This fair is held at a place known as Ban Ganga in Bilara town. It takes place on Chaitra Badi Amavasya (March April) every year. It is held in the memory of nine women who became sati at this place. More than 10,000 persons assemble in this fair normally to take a dip in the Ban Ganga River and also take part in singing and dancing.
BABA-RAMDEO KA MELA
This fair is held at Jodhpur City on Bhadrapada Sudi 2(August-September) at Massoria hillock, where the temple of Baba Ramdeo is situated. A Large number of people gather on this occasion from various parts of the state. It is locally known as Massoria Baba Ka Mela.
Geography of Jodhpur:
The region comprises three distinct physiography units, namely, the alluvial plains, Escarpments and Ridges and Sand dunes. Land surface of the district is nearly flat and sandy with exception of some parts of Bilara and Osian Tehsils.
The western & north-western parts of district are characterized by sand dunes. Sand dunes of transverse, longitudinal and parabolic variety are present and attain a height of 10 to 40 m.
There is only one important river in the district, viz., Luni, which enter the district near Bilara and flows for a distance of over 75 kms. before entering in Barmer district.
The climate here is of extreme desert condition of scorching summer with hot dry winds and arid conditions. Phalodi is the hottest place in the district where in summers maximum daily temperatures varies between 40°C to 45°C. Occasionally, it rises to 49°C. The winters are quite chilly.
From rain fall point of view, district has two distinct zones i.e., the NW part has 20-30 cms. average rain fall while SE part has 30-40 cms. average rainfall. This rainfall mainly occurs during late June to September.
Natural Places of Jodhpur:
Gudha Vishnoiyan Conservation Reserve:
This village is inhabited by the Bishnoi community. They are staunch believers in the sanctity of plant and animal life. Villages are marked by Khejri trees and deers which thrive. Wild animals found in the reserve include Chinkara, Black Buck, Wild boar. Also in the village is the Guda Bishnoi Lake. Around the Guda Bishnoi Lake, one can also see numerous migratory birds like domicile Cranes etc,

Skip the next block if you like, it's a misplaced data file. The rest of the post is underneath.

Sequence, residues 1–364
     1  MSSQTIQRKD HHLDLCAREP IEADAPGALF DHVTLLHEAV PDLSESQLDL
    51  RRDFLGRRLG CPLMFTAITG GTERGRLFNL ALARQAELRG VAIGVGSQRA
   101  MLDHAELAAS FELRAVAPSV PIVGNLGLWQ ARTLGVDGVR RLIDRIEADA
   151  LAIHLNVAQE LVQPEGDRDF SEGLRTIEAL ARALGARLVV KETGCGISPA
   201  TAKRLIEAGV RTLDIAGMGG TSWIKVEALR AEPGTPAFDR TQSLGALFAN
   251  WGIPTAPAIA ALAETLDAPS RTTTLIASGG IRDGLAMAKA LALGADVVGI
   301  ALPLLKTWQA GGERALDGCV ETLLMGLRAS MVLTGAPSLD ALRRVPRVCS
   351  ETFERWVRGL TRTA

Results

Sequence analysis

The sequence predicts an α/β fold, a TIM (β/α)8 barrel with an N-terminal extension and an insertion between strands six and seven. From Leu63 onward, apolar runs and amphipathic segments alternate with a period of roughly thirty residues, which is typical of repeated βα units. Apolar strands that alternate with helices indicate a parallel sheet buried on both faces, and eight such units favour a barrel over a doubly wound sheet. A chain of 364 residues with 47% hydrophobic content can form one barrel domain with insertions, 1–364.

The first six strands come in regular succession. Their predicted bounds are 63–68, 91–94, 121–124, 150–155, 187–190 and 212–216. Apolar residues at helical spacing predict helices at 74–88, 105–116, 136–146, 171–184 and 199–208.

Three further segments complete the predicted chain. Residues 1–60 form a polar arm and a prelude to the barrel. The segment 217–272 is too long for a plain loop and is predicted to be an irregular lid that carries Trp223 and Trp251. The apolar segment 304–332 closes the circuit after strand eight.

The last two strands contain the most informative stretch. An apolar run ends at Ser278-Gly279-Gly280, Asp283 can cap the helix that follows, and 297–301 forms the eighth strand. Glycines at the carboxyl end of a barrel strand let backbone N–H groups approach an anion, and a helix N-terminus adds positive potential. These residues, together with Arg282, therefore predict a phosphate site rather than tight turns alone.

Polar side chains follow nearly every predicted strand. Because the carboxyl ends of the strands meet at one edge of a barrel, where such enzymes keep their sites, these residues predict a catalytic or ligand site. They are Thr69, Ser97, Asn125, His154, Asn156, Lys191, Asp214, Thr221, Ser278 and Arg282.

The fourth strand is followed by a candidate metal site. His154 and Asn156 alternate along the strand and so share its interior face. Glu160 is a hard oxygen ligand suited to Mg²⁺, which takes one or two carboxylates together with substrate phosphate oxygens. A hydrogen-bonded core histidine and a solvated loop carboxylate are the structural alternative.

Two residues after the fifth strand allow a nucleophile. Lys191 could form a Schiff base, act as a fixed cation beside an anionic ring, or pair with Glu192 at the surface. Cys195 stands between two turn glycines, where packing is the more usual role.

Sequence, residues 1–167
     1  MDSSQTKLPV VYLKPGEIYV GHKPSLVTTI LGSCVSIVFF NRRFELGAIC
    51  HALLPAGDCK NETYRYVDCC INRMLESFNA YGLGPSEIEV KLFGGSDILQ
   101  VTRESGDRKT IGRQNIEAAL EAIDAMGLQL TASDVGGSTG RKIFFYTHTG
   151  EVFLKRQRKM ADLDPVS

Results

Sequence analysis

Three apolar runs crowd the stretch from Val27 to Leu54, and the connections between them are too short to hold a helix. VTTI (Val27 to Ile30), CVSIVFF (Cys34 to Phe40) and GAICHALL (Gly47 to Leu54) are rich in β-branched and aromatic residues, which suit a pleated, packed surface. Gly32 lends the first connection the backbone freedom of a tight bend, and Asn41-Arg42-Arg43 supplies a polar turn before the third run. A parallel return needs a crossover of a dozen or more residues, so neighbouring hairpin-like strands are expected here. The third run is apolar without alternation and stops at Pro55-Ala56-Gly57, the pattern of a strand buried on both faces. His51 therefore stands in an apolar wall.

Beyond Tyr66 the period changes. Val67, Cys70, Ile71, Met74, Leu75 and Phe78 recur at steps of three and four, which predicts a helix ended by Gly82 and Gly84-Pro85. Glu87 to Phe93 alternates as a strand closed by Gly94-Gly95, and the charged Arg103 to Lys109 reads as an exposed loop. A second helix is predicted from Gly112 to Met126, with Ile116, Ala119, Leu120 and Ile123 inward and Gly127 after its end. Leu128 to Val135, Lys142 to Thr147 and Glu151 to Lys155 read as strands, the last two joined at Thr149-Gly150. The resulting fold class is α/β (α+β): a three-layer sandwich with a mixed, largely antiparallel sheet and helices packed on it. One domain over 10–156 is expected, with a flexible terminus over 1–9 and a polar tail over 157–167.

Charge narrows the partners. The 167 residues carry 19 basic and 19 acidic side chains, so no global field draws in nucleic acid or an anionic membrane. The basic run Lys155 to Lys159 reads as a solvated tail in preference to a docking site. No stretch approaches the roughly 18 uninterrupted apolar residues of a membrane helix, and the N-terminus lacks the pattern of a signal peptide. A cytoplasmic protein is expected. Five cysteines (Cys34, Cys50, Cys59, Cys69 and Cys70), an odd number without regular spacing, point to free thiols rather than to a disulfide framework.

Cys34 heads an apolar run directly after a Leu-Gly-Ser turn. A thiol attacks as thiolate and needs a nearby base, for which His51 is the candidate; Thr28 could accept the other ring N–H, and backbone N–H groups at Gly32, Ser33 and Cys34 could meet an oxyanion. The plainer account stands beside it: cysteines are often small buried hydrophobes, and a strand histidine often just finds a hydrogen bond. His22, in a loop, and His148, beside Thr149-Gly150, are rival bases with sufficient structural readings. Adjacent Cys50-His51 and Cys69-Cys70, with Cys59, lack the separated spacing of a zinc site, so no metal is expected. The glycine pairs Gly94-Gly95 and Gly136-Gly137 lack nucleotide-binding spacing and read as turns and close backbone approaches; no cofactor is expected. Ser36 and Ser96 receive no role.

Located near the Fateh Pole in Mehrangarh, the Ranisar and Padmasar are adjacent lakes that were constructed in the year 1459. Ranisar Lake was built on orders of Queen Jasmade Hadi, Rao Jodha’s wife while Padmasar Lake was ordered by Queen Padmini of Rao Ganga, daughter of Rana Sanga of Mewar.
Situated on Jaisalmer road, this small artificial lake is an ideal picnic spot. It is like a canvas with a splash of romantic colors. The beauty of the lake stays with you long after you’ve experienced it.
Balsamand Lake is about 5 kilometres from Jodhpur on the Jodhpur-Mandore Road. Built in 1159 AD, it was planned as a water reservoir to cater to Mandore. The Balsamand Lake Palace was built on its shore later as a summer palace. It is surrounded by lush green gardens that house groves of trees such as mango, papaya, pomegranate, guava and plum. Animals and birds like the jackal and peacock also call this place home.
Machiya Safari Park:
This park is situated on the way to Jaisalmer, about 1 kilometer from Kailana Lake. It offers a bird watching point for visitors and is also home to several animals such as deer, desert foxes, monitor lizards, blue bulls, hare, wild cats, mongoose, monkeys, etc
Sardar Samand Lake:
The lake attracts several migratory and local birds such as the yellow-legged green pigeon, Himalayan griffon and Dalmatian pelican, making it a bird watcher’s paradise.